Things in Erin’s Brain
In “Welcome to Caregiving…” I talk about, well, caregiving. I talk about being in the thick of it, the feelings, the mental health, the coping (or not), the grace (or having none). I share my experience through “Helpful Hints,” and my “In Hindsight” sections. Because that’s what I know. I also know everyone’s experience is different. Very, very different.
In a previous Hump Day Newsletter I told you the story of #NotMyCat and how little Bumper chose to move into my house when her dad got sick. What I haven’t shared was my experience with her dad.
This past weekend I was prepared to go to his funeral: I was in a dress, there was make up, and Jerry was dressed in slacks and a button up, long sleeved shirt appropriate for church. I yelled out to Jerry, “I just need five more minutes,” and as I was working the flat iron through the last section of my sparkly fairy hair, I got a text, “I hope I caught you in time – the funeral isn’t today.” Huh. I finished straightening my hair and as Jerry hung up his church shirt I sat in my office, not knowing what to do with myself. It’s really weird to get ready for a funeral (both mentally and physically) and then not go. I was sitting with all of these feelings and memories of how Bumper’s dad passed (today let’s refer to him as Mark).
In my ten year massage career I have had three hospice patients under my care. Each passed in a different way. Having connected, laughed, and cried with each one of them (and their families), I deeply grieved each passing. When I found out Mark was in the hospital, I went to see him. I knew he lived alone and I didn’t think he had any local family. I knew from other neighbors that he was gravely ill and plans were being made to move him to hospice.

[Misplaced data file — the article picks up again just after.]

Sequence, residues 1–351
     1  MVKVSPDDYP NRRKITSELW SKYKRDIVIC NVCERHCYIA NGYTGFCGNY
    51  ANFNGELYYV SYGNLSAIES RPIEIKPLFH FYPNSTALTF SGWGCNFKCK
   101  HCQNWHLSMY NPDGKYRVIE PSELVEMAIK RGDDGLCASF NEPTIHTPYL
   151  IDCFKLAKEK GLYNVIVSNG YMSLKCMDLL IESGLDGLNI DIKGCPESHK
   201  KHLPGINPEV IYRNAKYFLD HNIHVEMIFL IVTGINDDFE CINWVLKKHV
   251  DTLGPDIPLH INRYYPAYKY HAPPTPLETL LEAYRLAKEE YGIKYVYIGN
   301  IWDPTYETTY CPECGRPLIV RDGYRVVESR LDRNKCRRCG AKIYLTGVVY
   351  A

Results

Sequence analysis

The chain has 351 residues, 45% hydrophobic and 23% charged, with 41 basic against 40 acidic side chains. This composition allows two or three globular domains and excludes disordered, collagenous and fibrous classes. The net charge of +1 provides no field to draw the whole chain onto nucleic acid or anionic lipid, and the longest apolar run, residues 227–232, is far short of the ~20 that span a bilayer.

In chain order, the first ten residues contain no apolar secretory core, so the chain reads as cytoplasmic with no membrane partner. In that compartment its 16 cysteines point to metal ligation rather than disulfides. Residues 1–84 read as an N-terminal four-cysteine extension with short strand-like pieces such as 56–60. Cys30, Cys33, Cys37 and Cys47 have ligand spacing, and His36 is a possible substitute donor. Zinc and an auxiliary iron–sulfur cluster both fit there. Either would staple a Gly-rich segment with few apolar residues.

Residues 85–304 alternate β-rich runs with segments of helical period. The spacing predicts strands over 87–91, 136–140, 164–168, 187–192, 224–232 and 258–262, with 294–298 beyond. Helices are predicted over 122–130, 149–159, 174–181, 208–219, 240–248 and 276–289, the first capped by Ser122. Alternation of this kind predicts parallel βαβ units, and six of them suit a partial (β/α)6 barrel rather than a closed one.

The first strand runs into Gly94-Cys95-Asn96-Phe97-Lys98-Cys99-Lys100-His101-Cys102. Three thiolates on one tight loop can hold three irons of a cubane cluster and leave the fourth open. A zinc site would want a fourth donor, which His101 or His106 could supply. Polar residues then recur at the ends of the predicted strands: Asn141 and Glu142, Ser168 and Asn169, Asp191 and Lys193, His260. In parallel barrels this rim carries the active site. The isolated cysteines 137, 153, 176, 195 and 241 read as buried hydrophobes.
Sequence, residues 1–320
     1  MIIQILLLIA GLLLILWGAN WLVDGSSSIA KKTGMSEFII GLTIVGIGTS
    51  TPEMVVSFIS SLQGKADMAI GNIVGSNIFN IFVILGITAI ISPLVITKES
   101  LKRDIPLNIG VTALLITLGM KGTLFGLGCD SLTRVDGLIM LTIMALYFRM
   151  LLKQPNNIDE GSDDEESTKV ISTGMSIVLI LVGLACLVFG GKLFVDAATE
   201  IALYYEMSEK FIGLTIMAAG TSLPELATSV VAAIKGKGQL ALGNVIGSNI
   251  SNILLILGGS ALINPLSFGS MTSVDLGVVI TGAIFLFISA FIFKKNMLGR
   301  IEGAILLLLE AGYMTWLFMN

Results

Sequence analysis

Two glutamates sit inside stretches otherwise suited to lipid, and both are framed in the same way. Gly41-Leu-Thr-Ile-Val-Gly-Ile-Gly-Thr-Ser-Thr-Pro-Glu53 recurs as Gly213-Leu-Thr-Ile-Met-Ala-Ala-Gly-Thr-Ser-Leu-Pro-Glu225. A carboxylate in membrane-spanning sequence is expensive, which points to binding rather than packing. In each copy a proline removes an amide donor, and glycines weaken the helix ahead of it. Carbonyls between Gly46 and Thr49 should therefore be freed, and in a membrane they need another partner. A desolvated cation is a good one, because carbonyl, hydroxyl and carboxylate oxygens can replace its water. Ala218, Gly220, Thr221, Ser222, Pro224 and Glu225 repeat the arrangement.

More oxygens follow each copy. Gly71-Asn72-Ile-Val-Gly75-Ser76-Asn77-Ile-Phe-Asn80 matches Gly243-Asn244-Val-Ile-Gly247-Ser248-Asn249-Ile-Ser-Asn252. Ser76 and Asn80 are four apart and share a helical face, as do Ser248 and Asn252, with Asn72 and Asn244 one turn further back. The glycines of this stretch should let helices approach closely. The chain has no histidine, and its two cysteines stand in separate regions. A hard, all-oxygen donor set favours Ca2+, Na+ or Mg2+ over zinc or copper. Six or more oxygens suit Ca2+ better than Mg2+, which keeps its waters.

I knew what to expect.
I had a plan. I would sit with him. To offer compassionate touch I could massage his arms and hands. I could offer reiki energy work if I couldn’t touch him. Have you heard the Woody Allen quote? “If you want to make God laugh, tell him your plans.”
I wasn’t at all prepared for what I encountered (except for the mini lotion I carried in my purse).
When I entered the hospital room Mark was awake, but clearly distressed. I felt like he didn’t recognize me. I told him who I was. The room was small and there was no chair. I crouched down to meet his eyes. I talked to him softly and told him I was there to offer comfort and to let him know we were thinking of him. He muttered things I couldn’t understand. He was in a diaper which was exposed because he was pulling on his gown and tugging at his IV. Covers had been kicked off (there was no Erin S-fold in his blanket so he could pull it up with ease). He was unshaven. Skin and bones. He was writhing in the bed. Weak, but determined, he was pulling both arms toward the guard rails on the bed. He was trying to escape.
I assured him I wasn’t there to do anything to him. My heart wanted to bring him comfort but I didn’t know how. I went with what I knew. I reached out and gently rested my hand on his forearm. The cancer had made him weak, but he mustered enough strength to ball his opposite hand into a fist.